4 January 2011

You won't like this ...

... but, if I were the Commission Ecclesia Dei, I would be working towards a new Editio Typica of the Extraordinary Form in which some very minor changes would indicate that the EF is not fossilised. We are not 1962 fetichists (or are we?). The way ahead for the EF is for the most judicious of minor corrections in the 1962 missal. Nobody should take any notice of fundamentalists who believe that anything which the reformers of the 1960s favoured is automatically beyond the pale; and a reincorporation of elements - Vigils, perhaps, and Octaves - which were unwisely cut out during the early Bugnini tinkerings of the 1950s, is most desireable. Have I got this right?

The main change I would make in the Ordo Missae would be in the Preface. I would punctuate Domine, sancte Pater, omnipotens aeterne Deus. Because: Domine reproduces in Latin the tetragrammaton YHWH and reminds us that the God we worship (for are we not all, as Pius XI put it, Spiritual Semites?) is the God of our forefathers in Faith, the People of Israel. Sancte Pater is the way in which the Incarnate Word addressed his Father, particularly in the Gospel according to S John, Chapter 17.

Or would you be happier if I simply omitted all the commas, leaving the word-division to the celebrant?

Or will you only be happy if I make no change whatsoever?


We were told in Summorum Pontificum that some of the OF Prefaces would be incorporated in the EF and a recent interview given by Mgr Pozzo implies that this will soon happen. I can't see why it should cause any ill-will do do this, particularly if they are made optional. The SSPX ORDO reveals that in that Society they use Prefaces for the Saints and for Advent ad libitum. And if it is acceptable for the inter-war popes to have added prefaces for the Sacred Heart and Christ the King and ... most most revolutionary of all in view of the large numbers of Requiems that used to be said ... for the Departed, why are Prefaces from fifty years later problematic? (I do, on the other hand, strongly support the caution shown by Mgr Pozzo with regard to allowing the post-conciliar lectionary to be used with the old Mass. The old readings are inextricably bedded down in the old propers.)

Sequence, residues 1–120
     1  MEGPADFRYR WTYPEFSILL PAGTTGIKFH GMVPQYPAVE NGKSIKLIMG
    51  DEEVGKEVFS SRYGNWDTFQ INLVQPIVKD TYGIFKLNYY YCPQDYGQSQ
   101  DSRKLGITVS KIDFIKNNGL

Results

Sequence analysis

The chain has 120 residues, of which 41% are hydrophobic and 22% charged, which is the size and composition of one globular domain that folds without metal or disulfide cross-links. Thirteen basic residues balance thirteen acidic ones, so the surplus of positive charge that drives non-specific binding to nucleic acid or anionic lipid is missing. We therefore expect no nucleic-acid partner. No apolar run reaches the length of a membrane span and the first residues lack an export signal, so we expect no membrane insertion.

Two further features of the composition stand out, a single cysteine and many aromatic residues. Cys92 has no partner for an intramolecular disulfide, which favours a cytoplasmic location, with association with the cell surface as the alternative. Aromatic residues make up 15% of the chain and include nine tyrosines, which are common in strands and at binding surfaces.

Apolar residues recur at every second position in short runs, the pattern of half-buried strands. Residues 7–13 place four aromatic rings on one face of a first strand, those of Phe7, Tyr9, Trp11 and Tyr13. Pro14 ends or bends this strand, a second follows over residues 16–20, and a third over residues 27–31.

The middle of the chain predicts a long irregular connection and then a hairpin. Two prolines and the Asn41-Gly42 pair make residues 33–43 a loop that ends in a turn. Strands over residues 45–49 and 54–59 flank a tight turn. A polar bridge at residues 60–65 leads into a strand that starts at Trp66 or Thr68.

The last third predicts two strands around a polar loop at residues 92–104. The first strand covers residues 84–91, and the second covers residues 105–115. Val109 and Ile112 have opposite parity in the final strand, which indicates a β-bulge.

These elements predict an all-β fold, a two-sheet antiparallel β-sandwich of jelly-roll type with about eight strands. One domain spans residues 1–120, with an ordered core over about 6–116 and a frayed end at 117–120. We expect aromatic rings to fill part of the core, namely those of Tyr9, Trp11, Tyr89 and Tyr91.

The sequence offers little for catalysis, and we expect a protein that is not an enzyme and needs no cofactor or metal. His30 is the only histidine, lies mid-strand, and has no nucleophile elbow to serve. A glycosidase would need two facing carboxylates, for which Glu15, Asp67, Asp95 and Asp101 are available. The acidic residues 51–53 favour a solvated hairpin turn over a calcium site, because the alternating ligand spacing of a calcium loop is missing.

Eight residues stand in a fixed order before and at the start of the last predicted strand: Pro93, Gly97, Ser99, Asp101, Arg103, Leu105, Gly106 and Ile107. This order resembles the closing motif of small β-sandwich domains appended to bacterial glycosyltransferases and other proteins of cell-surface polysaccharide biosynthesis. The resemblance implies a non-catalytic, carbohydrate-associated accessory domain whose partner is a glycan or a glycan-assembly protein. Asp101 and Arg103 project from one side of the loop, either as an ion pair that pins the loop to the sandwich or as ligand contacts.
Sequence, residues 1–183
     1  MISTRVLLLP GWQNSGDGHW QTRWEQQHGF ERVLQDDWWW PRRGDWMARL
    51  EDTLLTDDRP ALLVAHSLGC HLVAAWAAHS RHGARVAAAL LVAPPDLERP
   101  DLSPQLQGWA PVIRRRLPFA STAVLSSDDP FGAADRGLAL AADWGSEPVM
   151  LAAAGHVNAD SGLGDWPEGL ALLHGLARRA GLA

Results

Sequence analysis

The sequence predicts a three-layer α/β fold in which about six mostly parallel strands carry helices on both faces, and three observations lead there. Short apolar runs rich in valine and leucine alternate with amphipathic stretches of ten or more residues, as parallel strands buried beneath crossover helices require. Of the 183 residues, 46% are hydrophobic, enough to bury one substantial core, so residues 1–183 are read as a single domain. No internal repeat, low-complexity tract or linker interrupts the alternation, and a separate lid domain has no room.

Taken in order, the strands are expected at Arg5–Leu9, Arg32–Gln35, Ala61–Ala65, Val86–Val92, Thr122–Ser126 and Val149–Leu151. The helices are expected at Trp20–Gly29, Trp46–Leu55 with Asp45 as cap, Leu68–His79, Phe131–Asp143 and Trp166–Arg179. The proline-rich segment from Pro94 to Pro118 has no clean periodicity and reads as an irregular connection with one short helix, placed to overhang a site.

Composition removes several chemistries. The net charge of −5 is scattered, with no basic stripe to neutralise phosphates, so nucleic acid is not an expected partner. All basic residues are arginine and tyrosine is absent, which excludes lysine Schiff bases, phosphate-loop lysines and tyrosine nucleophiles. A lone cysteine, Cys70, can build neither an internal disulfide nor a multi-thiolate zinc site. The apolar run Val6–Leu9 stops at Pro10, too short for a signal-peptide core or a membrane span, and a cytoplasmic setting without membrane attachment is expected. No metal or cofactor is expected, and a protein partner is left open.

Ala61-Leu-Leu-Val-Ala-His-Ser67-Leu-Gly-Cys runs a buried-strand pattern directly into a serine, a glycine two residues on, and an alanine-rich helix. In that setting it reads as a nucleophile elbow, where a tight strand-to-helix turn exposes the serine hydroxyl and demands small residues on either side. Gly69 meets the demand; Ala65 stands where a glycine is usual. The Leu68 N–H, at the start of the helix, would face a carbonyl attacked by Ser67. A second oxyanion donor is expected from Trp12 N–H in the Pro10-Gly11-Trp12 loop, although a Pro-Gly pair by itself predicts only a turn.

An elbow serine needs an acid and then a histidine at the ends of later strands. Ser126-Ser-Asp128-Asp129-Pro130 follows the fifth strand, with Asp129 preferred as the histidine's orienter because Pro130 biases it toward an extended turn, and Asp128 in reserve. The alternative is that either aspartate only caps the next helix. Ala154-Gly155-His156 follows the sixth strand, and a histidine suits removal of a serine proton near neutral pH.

My own preference, however, would be that OF Prefaces incorporated in the Traditional Missal should be mainly restricted to those which were recovered for the OF from the early Roman sacramentaries ... not least those identified, by liturgists such as Callewaerts and Capelle, as probably from the pen of S Leo or other early pontiffs ... rather than being Clever Compositions by post-conciliar committees headed by ... er ... And I do not favour the very jejune conclusions which link some of those newer prefaces to the Sanctus.